9. It’s been a funny old crossword week – there was a time with this one when I thought I was actually going to have to put it down to ‘cogitate’ but I perservated and ended up in a reasonable time. I had spotted the J 2 O but wasn’t quite sure what it was all about. Thanks to the setter and BD.

    As Pommers says, you will need Gnomey’s slightly mad hat for the Petitjean and start looking at the RH side first, but it’s worth a perservate.

      1. It wasn’t the most difficult toughie (it took me the longest time this week, but that’s relative!) and I have known Petitjean be much more fun.

  10. what is the ‘for’ doing in 23a Dave, shouldn’t it come after the ‘cooking’ or is ‘for cooking’ all part of the anagram indicator?

    1. Mary

      ‘for cooking’ is the anagram indicator, in other words the letters ‘I get ace pot’ (are) for cooking.

  11. I thought that this was an awful XWD – guessed it was NOT RayT.

    Only faves : 9a, 23a, 26a, 1d, 19d & 22d.

    Looking forward to better fare from The Don tomorrow!!!

    1. Hi Derek, I didn’t think it was awful, just hard in parts and sometimes I’m quite glad not to get a RayT on a Thursday ;-)

      1. Hi Mary! Nice to hear from you again!
        Read BD’s comments on the clueing to the puzzle – there is a complete mix-up of verbal and nominial meanings which leads to unfair readings!
        Rufus never does this on a Monday – his clues are pristinely fair.

        I forgot to mention in my posting that the weather here in NL continues to be sunny – just in case anybody is coming over to this side of the North Sea.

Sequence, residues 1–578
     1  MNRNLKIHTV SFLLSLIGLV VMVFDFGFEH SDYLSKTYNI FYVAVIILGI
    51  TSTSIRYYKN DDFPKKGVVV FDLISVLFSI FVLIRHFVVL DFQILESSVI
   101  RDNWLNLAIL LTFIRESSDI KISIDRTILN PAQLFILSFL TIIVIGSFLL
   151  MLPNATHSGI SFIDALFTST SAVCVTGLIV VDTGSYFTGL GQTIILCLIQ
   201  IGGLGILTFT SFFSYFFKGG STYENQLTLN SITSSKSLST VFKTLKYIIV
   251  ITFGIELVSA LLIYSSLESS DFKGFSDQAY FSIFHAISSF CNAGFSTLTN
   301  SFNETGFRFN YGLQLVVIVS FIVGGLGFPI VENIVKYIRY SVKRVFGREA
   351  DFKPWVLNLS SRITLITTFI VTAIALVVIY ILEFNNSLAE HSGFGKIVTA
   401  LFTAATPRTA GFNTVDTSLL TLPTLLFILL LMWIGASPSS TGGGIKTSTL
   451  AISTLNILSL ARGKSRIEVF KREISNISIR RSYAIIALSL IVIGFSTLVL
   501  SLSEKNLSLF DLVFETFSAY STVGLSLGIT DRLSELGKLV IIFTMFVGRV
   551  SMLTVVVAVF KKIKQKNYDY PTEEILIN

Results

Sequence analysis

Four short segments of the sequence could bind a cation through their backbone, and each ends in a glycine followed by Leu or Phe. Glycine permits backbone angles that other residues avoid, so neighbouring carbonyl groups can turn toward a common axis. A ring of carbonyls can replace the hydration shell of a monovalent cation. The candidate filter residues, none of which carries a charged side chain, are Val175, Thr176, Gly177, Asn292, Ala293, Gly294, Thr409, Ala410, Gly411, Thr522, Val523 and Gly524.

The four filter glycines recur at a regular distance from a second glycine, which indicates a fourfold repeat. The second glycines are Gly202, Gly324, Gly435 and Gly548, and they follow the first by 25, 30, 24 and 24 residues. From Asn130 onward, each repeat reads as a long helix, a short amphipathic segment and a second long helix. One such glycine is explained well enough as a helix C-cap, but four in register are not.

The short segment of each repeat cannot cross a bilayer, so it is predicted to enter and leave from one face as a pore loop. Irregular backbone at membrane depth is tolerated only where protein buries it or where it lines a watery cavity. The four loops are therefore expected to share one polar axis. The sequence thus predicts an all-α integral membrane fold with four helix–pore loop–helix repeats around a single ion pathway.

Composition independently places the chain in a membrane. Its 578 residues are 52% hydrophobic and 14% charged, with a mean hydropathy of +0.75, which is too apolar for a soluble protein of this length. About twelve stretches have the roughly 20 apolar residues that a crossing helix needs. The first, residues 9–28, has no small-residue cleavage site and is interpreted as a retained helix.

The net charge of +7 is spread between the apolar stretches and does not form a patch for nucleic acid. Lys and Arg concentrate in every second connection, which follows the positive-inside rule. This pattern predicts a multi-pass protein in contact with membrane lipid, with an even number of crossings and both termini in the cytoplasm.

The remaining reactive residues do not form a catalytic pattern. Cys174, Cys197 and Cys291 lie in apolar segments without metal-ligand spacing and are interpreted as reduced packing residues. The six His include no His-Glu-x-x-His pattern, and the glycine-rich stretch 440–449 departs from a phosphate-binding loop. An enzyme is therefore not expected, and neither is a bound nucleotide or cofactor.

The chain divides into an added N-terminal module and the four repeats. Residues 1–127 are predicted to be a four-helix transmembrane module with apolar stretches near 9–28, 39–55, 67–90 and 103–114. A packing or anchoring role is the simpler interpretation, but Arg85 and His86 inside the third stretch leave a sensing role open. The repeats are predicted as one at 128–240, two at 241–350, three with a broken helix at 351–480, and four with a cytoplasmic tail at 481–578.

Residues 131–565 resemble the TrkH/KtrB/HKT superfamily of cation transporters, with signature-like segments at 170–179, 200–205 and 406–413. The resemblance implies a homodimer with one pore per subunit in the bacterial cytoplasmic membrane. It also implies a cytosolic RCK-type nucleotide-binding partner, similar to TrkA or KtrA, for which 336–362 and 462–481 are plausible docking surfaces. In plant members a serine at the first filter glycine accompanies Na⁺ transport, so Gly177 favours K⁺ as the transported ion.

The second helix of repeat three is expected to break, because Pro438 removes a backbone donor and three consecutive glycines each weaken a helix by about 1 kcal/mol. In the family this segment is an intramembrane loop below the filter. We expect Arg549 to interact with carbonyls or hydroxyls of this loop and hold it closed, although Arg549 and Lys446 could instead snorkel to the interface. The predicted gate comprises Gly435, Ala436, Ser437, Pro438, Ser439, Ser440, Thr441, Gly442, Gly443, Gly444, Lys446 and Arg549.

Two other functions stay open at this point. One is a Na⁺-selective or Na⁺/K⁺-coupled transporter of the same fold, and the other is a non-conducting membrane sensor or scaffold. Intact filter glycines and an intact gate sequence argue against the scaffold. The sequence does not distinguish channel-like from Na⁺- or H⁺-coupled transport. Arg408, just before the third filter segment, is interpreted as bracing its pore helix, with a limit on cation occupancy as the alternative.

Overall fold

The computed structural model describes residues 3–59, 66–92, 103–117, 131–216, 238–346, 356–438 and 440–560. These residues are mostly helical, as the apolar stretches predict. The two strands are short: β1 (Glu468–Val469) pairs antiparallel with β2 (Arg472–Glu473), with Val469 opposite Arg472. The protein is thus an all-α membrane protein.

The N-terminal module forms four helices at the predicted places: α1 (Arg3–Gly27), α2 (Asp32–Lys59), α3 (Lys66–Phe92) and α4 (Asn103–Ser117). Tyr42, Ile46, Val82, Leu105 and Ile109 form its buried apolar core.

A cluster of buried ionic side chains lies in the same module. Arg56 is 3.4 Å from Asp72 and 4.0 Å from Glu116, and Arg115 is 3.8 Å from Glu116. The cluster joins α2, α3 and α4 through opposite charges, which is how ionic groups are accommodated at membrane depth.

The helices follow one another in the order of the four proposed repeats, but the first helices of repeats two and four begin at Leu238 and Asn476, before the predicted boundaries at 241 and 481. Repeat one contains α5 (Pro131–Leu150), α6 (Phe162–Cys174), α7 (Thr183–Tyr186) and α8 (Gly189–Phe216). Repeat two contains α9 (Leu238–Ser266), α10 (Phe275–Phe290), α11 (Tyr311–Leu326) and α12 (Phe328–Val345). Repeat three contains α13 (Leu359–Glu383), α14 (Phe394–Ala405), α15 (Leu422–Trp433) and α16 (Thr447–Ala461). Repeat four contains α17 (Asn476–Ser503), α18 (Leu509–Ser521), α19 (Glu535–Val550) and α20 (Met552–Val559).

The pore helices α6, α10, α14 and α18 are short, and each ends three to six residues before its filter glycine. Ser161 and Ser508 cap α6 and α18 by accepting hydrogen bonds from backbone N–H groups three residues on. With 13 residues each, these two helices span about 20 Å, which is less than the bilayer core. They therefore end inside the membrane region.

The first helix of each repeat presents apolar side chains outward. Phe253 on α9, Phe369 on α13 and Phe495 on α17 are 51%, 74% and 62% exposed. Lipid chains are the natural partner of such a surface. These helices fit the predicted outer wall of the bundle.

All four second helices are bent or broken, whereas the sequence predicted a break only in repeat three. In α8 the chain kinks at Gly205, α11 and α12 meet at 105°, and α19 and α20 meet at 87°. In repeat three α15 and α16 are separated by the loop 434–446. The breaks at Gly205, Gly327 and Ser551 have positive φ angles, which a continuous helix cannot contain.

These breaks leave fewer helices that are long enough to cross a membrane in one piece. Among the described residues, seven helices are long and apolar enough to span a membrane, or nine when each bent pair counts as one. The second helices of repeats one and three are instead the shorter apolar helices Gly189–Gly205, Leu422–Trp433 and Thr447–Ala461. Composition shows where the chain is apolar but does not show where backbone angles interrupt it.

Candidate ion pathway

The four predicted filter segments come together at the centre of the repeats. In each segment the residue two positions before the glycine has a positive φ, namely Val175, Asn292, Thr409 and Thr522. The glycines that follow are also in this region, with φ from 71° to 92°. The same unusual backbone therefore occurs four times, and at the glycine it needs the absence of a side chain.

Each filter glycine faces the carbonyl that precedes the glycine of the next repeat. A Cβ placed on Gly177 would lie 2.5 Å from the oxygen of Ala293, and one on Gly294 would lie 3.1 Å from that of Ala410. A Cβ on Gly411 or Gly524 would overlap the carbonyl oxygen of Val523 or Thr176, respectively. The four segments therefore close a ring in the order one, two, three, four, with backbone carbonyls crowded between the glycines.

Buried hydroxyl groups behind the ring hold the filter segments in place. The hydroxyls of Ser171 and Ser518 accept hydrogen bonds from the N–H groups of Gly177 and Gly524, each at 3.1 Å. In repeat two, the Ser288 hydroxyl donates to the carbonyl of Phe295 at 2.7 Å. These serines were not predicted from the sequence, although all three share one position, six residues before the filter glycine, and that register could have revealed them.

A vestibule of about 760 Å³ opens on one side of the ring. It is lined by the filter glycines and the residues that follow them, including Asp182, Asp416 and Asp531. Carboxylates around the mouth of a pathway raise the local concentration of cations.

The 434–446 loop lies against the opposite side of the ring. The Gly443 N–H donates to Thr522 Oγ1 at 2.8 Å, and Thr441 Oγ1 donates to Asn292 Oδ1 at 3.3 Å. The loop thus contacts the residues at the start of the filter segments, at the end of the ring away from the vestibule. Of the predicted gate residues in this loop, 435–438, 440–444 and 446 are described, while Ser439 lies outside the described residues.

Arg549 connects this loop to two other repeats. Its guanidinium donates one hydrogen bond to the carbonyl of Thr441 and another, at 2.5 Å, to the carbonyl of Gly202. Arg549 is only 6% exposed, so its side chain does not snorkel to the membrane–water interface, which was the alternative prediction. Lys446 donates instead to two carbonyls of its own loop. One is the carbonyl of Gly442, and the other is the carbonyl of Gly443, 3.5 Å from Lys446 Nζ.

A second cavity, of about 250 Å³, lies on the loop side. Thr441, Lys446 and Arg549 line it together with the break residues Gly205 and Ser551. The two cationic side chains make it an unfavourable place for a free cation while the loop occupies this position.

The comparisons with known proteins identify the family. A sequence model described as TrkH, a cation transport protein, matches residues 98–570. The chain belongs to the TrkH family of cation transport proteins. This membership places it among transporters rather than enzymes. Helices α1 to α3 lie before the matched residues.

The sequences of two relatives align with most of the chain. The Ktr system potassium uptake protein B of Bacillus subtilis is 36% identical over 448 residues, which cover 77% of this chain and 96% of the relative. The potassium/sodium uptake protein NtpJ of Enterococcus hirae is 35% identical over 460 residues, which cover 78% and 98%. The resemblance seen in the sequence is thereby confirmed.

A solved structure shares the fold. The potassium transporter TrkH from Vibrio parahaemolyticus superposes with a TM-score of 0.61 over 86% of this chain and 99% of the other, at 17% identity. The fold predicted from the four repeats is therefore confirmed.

It is nearly December and this weather is exceptional. Sinter Klaas next week!

            1. Correction – Sinterklaas is celebrated in Holland on 5th. December (pakjesavond) and on 6th. December in Belgium on St.Nicolas’s nameday.
              Old Christmas Day is in January.

        1. When I went to see the vicar about the arrangements for my mum’s funeral, his wife reeled off a list of available tea varieties which makes BD’s list look tiny. I had terrible trouble convincing her that I only wanted a cup of plain brown ‘ordinary’ tea. :)

        2. I read somewhere that teabags were invented by Thomas Lipton to use up the dust swept up from the floor of the packing factory!

          Wikipedia credits it, of course, to an American.

  12. Well I use the how much have I done in an hour scale to measure the difficulty of crosswords. After an hour on yesterday’s 3 star puzzle I’d done it all but. 2 clues. Today’s one starrer – 11 clues completed. Ho hum.

    My record is one hour spent on the Sunday Times Mephisto with 1 clue completed.